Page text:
Author: David Webber
Real world implications of a technology promising to revolutionise the industry
After many long months of hype, discussion and the occasional real world sighting, Google Glass is rumoured to finally be hitting UK stores this summer. Currently still only in the domain of the select few, the technology has been the subject of much debate and speculation. However, now Google seems to be nearing a UK launch date, it’s time to take a look at the real world implications of a technology that’s promising to re-define our relationship with digital banking and new and evolving financial services platforms.
Google Glass has the potential to bridge the gap between physical and digital banking in a truly meaningful way this year, in part by vastly enhancing wearers’ traditional branch experiences, but also by opening up a wealth of new payment options. One example is Google Glass’s ability to recognise when a wearer winks, which could provide instant access to a chosen bank account, giving consumers the opportunity to make payments on the train, view loan options while they’re walking to work, or browse the latest insurance offers as they prepare dinner.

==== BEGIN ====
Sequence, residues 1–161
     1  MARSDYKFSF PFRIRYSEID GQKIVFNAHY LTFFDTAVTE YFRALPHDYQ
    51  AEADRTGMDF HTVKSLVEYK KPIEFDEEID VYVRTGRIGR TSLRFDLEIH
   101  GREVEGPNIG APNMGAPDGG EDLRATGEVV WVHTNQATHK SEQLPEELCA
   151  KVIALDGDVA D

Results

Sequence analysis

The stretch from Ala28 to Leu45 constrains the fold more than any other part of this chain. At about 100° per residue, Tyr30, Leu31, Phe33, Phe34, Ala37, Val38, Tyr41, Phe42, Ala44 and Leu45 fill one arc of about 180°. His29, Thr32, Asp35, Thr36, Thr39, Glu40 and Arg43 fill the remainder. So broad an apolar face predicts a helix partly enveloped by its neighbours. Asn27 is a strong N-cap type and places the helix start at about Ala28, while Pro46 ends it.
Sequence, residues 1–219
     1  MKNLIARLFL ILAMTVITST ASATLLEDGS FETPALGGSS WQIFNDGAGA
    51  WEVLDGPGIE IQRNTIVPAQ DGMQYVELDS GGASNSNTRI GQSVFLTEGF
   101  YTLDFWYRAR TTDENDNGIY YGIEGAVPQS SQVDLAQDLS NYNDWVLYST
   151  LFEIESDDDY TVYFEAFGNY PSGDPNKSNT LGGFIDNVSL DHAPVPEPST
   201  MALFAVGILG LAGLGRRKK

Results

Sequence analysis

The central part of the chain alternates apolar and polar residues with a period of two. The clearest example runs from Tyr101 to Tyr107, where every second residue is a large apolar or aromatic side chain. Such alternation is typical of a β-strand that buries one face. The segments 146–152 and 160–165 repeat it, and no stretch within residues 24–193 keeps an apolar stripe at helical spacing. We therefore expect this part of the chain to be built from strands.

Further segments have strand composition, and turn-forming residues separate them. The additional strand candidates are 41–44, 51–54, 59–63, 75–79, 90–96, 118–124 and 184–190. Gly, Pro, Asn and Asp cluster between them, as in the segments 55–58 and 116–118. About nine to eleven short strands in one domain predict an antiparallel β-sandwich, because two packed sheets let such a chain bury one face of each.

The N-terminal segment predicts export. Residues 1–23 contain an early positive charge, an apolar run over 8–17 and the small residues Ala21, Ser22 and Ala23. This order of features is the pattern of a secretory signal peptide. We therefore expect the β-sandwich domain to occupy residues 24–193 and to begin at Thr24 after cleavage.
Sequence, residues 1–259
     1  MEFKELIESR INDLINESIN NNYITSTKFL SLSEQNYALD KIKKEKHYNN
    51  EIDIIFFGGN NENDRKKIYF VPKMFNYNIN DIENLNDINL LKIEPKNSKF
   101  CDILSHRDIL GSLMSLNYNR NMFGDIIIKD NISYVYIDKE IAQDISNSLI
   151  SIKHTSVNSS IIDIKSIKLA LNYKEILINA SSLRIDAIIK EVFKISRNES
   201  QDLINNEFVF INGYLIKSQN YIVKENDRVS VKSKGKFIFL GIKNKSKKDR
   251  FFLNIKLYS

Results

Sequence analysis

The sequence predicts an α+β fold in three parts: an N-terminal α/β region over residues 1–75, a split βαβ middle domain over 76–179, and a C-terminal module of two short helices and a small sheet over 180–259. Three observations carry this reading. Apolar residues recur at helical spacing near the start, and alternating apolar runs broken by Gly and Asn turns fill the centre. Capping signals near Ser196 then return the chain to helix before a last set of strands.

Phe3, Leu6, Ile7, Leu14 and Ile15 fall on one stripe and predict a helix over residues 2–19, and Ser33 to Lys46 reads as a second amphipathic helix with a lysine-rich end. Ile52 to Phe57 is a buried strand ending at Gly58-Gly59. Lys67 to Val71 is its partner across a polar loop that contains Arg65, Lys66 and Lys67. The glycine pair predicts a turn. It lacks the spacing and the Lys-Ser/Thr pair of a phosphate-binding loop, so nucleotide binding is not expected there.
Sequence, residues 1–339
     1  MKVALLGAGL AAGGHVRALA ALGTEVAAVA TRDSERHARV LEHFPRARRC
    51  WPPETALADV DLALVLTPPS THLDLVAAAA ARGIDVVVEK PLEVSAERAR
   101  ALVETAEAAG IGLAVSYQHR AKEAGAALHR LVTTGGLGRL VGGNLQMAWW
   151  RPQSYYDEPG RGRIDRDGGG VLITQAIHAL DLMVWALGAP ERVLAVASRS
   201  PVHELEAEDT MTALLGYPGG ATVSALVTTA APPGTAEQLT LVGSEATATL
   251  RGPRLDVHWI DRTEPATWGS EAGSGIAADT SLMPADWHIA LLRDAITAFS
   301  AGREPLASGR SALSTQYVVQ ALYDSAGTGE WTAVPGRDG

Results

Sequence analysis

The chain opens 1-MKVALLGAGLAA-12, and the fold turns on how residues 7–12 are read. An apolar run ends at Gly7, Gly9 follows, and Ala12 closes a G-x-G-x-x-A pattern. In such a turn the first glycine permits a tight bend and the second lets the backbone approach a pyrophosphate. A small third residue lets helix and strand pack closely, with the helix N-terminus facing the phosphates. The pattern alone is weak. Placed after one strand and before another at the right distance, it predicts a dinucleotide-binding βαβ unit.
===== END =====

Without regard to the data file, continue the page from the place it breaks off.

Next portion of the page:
Another interesting Google Glass application is the QR code scanner with its mobile banking capability, as was recently demonstrated in the latest development from our Innovation Lab. Using the device’s built-in camera to scan QR codes, Google Glass can understand which account to pay. Once the account has been selected, the user can finalise the payment by authenticating on a smartphone device paired to the headset. It has the potential to completely transform how people make payments and the overall role of personal finances.
Existing systems don’t necessarily need to be overhauled to successfully migrate digital banking onto Google Glass. Most digital financial services providers will be able to use existing banking apps and technology on the new platform. Although there are undoubtedly certain challenges for financial institutions, Glass, and the products it will inevitably inspire, open up a new and exciting world for digital banking.
The demand for wearable tech has not only been fostered by the hype around Google Glass, but also by the success of the Pebble and Samsung smartwatches and the increasing expectation of Google’s Android Wear and the Apple iWatch. Research by Intelligent Environments reveals a third (33%) of 18 to 24 year olds are interested in using Google Glass to manage their finances, without having seen or tested a working prototype. Banks and financial services providers need to ensure they have a clear strategy in place, before the technology is available to buy this summer.